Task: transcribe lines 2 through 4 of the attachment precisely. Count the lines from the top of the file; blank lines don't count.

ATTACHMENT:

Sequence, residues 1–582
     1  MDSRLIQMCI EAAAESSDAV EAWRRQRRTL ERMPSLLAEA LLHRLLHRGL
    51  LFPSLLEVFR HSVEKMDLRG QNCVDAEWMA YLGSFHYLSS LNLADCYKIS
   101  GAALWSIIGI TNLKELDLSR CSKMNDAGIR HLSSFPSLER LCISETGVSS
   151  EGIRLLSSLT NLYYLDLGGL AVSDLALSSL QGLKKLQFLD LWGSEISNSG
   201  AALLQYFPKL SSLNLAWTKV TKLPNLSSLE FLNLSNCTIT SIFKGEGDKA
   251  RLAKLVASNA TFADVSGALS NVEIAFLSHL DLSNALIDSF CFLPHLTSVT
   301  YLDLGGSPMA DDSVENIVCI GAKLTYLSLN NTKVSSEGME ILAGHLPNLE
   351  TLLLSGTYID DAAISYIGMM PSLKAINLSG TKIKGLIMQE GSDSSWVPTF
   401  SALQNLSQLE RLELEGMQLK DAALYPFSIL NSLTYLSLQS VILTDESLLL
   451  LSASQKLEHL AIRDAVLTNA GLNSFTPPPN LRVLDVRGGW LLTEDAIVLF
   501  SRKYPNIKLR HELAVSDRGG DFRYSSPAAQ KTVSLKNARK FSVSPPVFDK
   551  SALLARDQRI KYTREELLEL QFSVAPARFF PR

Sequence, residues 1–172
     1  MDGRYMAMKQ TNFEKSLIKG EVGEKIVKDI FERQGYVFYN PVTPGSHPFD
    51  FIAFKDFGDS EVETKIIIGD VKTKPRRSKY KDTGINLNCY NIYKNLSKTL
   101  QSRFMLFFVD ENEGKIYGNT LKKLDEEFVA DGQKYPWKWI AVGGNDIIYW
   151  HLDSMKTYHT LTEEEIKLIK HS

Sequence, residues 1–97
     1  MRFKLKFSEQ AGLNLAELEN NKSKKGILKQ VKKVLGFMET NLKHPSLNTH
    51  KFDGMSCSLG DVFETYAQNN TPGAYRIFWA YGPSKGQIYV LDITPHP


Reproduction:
     1  MDSRLIQMCI EAAAESSDAV EAWRRQRRTL ERMPSLLAEA LLHRLLHRGL
    51  LFPSLLEVFR HSVEKMDLRG QNCVDAEWMA YLGSFHYLSS LNLADCYKIS
   101  GAALWSIIGI TNLKELDLSR CSKMNDAGIR HLSSFPSLER LCISETGVSS